Second 24-hour bus and new routes announced for Cork city 

The NTA has today launched its plans to “transform the public transport network” in Cork city, including a second 24-hour bus route from Carrigaline to Hollyhill, and new routes to previously unserved areas.
Second 24-hour bus and new routes announced for Cork city 

The National Transport Authority’s (NTA) new design for Cork’s Metropolitan Bus Network was announced on Monday, and involves the creation of new bus routes and improved bus frequencies to “help transform the public transport network to meet anticipated growth and future demand in the region”. Picture: Denis Minihane.

The NTA has today launched its plans to “transform the public transport network” in Cork city, which include a second 24 hour bus route from Carrigaline to Hollyhill, and new bus routes to previously unserved areas.

The National Transport Authority’s (NTA) new design for Cork’s Metropolitan Bus Network was announced on Monday, and involves the creation of new bus routes and improved bus frequencies to “help transform the public transport network to meet anticipated growth and future demand in the region”.

Part of BusConnects Cork, the NTA's plan to improve Bus Services throughout the city and suburbs, the new network will bring an overall increase of 53% in bus services in Cork.

Cork’s only 24 hour bus route, which currently runs between Ovens/Ballingcollig and Carrigaline, will be adapted to two separate 24 hour bus routes crossing the city.

Route 1 will run east-west, from Ovens/Ballincollig through the city centre to Mahon (along the proposed route for a future Luas line), and Route 3A will run north-south through the city from Carrigaline to Hollyhill.

Under the new plans there will be seven all-day high frequency bus routes, with buses every 15 minutes or better during peak periods.

Areas that have until now not been served by a bus route are set to be connected to the bus network under the new plan. Little Island, Cobh, Carrigaline, Ringaskiddy, Upper Glanmire, Ballincollig, Kerry Pike, Carrigtwohill and Blarney are among the areas with new routes providing new coverage.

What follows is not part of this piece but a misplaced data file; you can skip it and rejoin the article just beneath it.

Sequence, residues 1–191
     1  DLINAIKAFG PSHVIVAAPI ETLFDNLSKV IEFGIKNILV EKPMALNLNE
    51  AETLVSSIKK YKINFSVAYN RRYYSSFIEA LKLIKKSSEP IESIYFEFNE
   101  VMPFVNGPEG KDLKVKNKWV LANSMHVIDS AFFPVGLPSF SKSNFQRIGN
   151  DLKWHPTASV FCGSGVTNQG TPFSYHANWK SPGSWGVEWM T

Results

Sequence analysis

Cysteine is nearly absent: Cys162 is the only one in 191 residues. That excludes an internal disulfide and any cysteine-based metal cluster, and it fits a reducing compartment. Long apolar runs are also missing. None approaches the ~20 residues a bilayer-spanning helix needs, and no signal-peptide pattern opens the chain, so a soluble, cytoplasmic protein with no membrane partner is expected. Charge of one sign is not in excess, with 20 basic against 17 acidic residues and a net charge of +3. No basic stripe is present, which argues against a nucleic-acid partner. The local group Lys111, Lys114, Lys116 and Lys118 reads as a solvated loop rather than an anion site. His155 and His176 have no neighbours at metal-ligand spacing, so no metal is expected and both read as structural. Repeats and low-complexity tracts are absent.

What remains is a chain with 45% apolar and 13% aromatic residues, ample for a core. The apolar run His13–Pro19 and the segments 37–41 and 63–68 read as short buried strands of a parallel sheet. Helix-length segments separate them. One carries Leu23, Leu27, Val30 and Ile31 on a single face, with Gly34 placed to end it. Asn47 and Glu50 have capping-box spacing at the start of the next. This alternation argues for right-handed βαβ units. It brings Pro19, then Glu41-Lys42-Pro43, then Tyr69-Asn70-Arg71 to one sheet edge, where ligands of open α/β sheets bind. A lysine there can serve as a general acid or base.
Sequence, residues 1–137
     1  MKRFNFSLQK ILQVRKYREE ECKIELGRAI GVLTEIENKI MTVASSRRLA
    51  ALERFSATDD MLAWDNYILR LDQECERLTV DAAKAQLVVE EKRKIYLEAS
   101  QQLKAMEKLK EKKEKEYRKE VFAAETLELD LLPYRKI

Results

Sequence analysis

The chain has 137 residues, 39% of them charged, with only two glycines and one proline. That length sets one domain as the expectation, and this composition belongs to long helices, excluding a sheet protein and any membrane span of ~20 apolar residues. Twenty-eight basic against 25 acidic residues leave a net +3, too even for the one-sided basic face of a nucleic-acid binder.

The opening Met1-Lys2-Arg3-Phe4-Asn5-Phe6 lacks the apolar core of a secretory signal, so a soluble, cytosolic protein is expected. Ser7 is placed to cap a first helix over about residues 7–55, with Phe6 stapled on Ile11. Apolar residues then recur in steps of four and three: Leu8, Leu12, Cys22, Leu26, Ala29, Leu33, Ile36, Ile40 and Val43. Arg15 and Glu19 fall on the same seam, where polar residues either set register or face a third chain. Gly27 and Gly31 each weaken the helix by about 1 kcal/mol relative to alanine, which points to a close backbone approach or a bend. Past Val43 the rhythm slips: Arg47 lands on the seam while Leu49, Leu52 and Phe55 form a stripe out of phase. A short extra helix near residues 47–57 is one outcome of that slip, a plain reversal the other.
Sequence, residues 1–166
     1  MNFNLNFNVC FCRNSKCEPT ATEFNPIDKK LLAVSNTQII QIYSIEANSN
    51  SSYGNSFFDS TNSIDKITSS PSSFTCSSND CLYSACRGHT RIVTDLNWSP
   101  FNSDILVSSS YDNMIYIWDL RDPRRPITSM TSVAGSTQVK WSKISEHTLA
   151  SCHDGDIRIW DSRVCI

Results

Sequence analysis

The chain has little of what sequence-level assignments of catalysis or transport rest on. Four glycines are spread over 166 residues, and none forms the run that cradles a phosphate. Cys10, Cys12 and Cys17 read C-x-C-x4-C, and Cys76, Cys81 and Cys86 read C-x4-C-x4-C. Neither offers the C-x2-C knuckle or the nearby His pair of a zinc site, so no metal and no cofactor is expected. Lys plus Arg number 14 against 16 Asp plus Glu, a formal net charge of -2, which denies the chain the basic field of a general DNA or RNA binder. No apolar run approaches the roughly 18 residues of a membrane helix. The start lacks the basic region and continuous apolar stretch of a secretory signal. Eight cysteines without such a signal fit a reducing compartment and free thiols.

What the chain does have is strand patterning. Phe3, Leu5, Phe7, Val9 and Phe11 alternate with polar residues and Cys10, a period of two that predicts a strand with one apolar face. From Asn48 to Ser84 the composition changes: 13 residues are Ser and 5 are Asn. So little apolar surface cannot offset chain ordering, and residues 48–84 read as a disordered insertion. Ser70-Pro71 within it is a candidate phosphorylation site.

The NTA promises that the new network will provide shorter waits, more direct routes, a simpler network and schedules, and additional services at weekends.

The new bus network will enable more people to avail of public transport, as the number of people within 400 metres of a high frequency bus route (running every 15 minutes or better) will increase by 39% and the number of jobs located within 400 meres of a high frequency bus route will increase by 19%.

During 2021, the NTA carried out an extensive process of public consultation and review, in collaboration with Cork City Council and Bus Éireann, and with the specialised expertise of transport designers Jarrett Walker and Associates.

In November 2021, a draft new network was published and the feedback and submissions have informed the Final New Bus Network published today.

Minister for Transport, Eamon Ryan said that Cork’s new bus network is an “important milestone” in the government’s ambition to “enable greater numbers of people to avail of the public bus network in the region”.

“This will help to transform the existing bus network in the Cork Metropolitan Area into a more, efficient, sustainable one to meet current and future needs in the area. The expansion of the system into the night hours will also greatly benefit Cork’s Night Time Economy,” he said.

Anne Graham, Chief Executive Officer of NTA said that the revised bus network puts Cork “firmly on track” to meeting the Cork Metropolitan Area Transport Strategy ambition of increasing the number of people using public transport in Cork fourfold by 2040.

“This revised network which includes enhanced frequency, new routes, and longer operating hours, means that by offering greater connectivity, bus services in Cork are set to become more useful to more people,” she said.

Chief Executive Officer of Bus Éireann, Stephen Kent, said the new network will support Cork’s growth and development over future decades, as Bus Éireann already carries 14 million passengers in Cork city every year.

“This network will support Cork’s development and growth over future decades, as well as promoting the necessary shift to public transport to meet Ireland’s climate change commitments,” he said.

“We have seen investment in Cork routes deliver passenger growth of 70% within just a year, so we know that improving the reliability of our services by facilitating bus prioritisation will result in greater use, bringing social, economic and environmental benefits,” he added.

The New Cork Bus Network will be delivered on a phased approach during 2023 and 2024.

The full report and local area maps, frequency tables and an interactive mapper tool are all now available on the BusConnects website to view and download (https://busconnects.ie/cork/)

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